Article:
Tuesday, October 28, 2014

Dealing with Delayed DACA Renewals

When the process for extending Deferred Action for Childhood Arrivals (DACA) was announced in early June it was met with a significant amount of excitement and anxiety.  One of several looming questions was with regards to how the U.S. Citizenship & Immigration Service would handle the increased caseload of I-821D and I-765 applications.  The guidelines provided by USCIS stated that, "if you submit your request more than 150 days (5 months) before your current period expires, USCIS may reject it and return it to you with instructions to resubmit it closer to the expiration date."  This requirement left many who initially filed and waited more than six months for adjudication of their DACA with some concerns.

It is recommended by USCIS that your DACA be filed between 120-150 days prior to the expiration of your current employment authorization.  Do not delay in filing it!  You should file it closer to the 150-day mark.  Recently, I have come across a handful of DACA renewals that remain pending close to a couple of weeks from the expiration of their current authorization.  Panic has set in as these individuals, understandably, do not want lose a job, face the risk of being out of work or unable to continue with college.  Therefore, I have compiled some tips (do's and dont's) that you should consider using if you only have 30 days or less remaining on your work authorization and your renewal has been pending more than 90-120 days. Remember that this is all a work in progress and these tips could be helpful on a case-by-case basis.  They are also subject to change if USCIS makes any tweaks to their procedures.

Do: Be vigilant! This is your livelihood at stake and do not let your ability to maintain a job lapse.

Do: Read over the DACA Frequently Asked Questions.  Yes, there are 81 of them.  But, there are some important tips and nuggets of knowledge within.  Question/Answer #49 provides some information regarding short-term extensions for delayed applications:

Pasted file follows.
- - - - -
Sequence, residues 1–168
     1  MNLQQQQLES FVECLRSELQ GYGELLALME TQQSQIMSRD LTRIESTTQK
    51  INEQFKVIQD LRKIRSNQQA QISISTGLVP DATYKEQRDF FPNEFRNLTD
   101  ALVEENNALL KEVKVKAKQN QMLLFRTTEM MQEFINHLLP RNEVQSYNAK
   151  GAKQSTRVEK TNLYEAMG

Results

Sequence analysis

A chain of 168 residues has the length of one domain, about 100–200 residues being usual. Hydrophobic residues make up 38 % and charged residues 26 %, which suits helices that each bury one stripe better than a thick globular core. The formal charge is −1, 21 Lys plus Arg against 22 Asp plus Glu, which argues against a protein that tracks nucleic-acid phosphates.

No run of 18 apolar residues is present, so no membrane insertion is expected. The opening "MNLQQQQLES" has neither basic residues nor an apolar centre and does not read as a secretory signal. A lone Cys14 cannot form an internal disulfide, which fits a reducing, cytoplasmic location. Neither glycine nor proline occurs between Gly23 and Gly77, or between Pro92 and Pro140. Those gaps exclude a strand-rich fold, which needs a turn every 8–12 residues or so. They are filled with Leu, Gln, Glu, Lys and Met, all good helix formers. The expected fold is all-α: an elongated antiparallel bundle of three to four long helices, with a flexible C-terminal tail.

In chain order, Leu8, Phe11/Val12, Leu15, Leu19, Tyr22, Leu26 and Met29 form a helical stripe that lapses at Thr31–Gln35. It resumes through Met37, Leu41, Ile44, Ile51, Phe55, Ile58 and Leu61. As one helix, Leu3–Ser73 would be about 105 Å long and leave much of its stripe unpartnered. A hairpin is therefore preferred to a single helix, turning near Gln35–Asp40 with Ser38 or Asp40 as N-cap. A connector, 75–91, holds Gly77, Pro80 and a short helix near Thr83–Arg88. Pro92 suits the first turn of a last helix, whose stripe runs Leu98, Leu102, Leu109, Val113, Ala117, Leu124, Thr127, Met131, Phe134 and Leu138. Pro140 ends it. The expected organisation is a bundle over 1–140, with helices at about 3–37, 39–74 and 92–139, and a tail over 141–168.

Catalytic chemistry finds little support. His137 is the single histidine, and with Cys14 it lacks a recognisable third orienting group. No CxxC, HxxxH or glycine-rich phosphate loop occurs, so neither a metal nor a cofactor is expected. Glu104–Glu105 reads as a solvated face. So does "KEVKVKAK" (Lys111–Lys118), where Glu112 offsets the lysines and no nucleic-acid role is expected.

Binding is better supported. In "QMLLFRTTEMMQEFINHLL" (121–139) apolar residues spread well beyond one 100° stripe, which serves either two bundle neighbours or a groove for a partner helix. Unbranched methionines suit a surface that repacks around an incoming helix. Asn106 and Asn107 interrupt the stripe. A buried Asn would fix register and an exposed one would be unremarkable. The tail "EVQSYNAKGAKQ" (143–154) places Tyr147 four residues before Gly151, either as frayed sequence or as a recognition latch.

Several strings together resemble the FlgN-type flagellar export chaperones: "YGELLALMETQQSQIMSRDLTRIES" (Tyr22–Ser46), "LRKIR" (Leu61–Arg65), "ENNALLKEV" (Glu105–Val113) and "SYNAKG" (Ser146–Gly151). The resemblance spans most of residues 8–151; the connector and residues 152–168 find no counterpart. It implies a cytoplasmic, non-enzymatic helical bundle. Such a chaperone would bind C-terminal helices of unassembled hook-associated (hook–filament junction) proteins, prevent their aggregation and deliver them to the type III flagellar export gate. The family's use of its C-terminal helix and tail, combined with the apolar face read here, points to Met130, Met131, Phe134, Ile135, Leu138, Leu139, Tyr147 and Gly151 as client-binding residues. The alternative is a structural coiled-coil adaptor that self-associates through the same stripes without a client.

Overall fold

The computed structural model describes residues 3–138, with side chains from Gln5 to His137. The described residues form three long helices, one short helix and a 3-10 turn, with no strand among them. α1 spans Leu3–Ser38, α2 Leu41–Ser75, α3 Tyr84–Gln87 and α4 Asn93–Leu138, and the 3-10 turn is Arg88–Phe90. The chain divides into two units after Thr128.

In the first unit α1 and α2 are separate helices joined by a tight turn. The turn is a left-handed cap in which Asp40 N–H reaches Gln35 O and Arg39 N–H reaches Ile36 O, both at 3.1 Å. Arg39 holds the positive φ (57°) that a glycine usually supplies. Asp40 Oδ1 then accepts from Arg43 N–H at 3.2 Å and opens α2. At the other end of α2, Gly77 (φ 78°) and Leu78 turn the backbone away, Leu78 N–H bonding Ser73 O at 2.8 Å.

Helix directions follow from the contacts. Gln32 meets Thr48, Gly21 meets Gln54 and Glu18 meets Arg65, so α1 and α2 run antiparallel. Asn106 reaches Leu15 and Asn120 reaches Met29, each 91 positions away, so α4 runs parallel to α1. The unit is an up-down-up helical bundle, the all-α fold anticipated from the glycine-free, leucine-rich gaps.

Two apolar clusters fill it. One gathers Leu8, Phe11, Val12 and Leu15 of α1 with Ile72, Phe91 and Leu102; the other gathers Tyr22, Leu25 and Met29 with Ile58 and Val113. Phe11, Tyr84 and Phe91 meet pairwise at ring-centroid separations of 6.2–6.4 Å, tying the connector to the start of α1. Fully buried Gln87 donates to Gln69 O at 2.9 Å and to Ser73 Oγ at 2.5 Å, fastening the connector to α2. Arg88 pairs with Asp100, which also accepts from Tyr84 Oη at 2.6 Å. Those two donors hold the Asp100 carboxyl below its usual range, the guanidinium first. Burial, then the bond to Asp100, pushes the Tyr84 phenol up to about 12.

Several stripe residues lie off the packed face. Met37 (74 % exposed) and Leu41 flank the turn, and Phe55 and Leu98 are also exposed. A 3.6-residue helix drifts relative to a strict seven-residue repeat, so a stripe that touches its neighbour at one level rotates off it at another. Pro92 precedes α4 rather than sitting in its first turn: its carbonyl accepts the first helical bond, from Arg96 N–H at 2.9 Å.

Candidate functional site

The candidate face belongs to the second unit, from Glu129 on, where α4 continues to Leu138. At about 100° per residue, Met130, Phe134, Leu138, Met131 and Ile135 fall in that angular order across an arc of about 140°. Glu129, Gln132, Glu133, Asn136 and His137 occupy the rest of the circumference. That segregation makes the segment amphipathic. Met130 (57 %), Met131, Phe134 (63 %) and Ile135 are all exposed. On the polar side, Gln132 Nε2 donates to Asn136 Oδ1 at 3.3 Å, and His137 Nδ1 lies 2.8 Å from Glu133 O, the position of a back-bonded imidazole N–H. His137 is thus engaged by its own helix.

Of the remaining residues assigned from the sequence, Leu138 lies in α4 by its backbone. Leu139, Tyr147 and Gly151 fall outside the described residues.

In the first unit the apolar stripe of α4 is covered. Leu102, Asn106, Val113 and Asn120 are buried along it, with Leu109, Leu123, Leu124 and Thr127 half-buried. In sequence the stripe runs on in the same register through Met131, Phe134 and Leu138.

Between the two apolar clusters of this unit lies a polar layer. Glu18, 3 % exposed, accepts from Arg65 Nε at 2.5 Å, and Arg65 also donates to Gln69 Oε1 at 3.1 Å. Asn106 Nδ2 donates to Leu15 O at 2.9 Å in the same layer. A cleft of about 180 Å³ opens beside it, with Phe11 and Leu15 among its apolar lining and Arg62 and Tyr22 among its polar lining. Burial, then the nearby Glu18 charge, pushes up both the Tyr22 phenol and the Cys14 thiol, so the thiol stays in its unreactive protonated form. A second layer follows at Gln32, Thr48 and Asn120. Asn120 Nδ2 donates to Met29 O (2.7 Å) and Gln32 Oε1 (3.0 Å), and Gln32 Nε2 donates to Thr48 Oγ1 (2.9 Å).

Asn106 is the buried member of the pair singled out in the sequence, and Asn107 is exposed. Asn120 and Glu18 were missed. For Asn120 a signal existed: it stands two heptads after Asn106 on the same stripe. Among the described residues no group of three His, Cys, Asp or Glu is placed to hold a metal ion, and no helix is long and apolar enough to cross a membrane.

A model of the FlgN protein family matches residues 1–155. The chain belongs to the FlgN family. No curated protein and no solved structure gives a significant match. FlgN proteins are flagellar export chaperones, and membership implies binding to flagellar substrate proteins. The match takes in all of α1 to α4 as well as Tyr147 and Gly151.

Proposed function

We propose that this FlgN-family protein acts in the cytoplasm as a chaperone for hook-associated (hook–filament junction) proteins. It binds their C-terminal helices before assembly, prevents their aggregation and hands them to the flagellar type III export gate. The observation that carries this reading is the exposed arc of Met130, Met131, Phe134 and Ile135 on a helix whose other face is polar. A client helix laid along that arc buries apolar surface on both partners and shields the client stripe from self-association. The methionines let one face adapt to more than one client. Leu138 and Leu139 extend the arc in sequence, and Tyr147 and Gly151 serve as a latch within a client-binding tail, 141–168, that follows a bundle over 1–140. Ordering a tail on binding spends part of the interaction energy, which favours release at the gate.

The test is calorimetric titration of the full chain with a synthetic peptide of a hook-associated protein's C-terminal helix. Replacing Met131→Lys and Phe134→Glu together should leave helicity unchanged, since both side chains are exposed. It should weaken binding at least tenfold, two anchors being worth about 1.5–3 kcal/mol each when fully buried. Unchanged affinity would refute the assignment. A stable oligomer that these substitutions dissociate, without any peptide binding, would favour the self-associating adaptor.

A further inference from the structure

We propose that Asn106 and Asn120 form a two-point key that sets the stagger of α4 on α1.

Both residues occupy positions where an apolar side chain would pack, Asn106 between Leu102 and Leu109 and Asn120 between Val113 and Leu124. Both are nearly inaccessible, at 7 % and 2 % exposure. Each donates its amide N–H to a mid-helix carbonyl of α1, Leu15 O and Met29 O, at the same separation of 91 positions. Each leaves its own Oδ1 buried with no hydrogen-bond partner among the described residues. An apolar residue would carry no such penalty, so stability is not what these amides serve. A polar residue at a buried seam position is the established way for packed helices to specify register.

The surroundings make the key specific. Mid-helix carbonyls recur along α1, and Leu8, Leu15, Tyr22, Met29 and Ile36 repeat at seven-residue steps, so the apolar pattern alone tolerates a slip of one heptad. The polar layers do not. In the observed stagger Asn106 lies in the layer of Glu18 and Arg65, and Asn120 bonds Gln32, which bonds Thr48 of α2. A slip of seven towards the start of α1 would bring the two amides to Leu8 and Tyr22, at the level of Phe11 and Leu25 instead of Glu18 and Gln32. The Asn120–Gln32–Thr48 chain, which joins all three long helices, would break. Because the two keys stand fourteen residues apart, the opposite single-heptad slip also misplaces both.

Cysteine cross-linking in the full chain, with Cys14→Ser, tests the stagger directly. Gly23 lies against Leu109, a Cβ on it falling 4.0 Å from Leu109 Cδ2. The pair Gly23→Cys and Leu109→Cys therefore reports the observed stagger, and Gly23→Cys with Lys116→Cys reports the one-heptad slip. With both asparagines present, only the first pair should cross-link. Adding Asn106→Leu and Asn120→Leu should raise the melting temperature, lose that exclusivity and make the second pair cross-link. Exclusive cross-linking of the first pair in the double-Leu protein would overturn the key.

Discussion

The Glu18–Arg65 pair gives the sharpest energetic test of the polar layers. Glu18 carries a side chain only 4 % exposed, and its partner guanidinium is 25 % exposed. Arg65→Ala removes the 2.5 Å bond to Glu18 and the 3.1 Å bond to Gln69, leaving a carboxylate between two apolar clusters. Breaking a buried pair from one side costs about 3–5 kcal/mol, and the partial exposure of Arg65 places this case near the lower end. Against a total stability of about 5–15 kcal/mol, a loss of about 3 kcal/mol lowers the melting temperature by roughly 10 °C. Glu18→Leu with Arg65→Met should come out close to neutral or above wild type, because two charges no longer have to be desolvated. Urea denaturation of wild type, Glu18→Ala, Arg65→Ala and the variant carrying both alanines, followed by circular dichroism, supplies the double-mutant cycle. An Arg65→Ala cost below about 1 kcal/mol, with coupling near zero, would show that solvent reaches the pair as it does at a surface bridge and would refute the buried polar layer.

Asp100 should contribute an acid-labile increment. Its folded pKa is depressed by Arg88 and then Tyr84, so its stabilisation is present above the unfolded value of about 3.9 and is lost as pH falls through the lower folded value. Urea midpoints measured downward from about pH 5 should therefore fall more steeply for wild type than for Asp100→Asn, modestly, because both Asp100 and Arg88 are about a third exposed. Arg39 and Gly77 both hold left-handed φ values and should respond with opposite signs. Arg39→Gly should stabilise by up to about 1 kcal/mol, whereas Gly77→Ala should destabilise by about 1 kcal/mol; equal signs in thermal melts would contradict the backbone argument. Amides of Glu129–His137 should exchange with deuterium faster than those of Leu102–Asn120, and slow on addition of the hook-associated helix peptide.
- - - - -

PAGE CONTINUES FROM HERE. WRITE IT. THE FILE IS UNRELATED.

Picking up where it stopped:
Q49:  When should I file my renewal request with U.S. Citizenship and Immigration Services (USCIS)?

A49: USCIS strongly encourages you to submit your Deferred Action for Childhood Arrivals (DACA) renewal request between 150 days and 120 days before the expiration date located on your current Form I-797 DACA approval notice and Employment Authorization Document (EAD). Filing during this window will minimize the possibility that your current period of DACA will expire before you receive a decision on your renewal request. If you have filed your renewal request at least 120 days before your deferred action expires and USCIS is delayed in processing your renewal request, USCIS may provide you with DACA and employment authorization for up to an additional 120 days.

Please Note:  USCIS will not provide any such short-term deferred action and employment authorization when USCIS is delayed in reaching a final decision on your renewal request because, for example: 1) of factors within your control (such as failure to file the renewal request within the suggested timeframe or filing an incomplete renewal request); 2) USCIS has not been able to complete your background check; and/or 3) your renewal submission contained evidence that you may not satisfy the DACA renewal guidelines and USCIS must send you a request for additional information or explanation.

Do Not: Use InfoPass at the local USCIS office to try and request that your application be expedited.  Our experience with the local USCIS information officers is that they do not know much, if anything, regarding the DACA process.  Obviously, this could vary from one office to another, but I recommend calling the National Customer Service Center hotline instead (1-800-375-5283).  Even if you take time to do an InfoPass it will have the same impact as making a phone call.  The local office cannot extend your work authorization or produce a new card for you.

Do: Call the National Customer Service Center hotline and make a request for a temporary DACA.  I have not seen a 120-day temporary renewal, but it seems that this request has helped in expediting the process in some cases.

Do: Consider the outside assistance of a congressional representative, if your representative's office is known to be DACA friendly.  You can find your representative's office location through the locator here.

Do: Consider the outside assistance of the USCIS Ombudsman's office.  I have not personally utilized the assistance of this office for immigration problems, since the Tucson congressional offices are extremely helpful with immigration-related problems, but that is an option to consider.

Do: If you have an attorney working on your application, make sure to remain in contact and have the attorney assist with trying to get the application expedited, if needed. 

Good luck and feel free to contact me if you feel there are other tips or information that you think should be distributed to the DACAmented masses.

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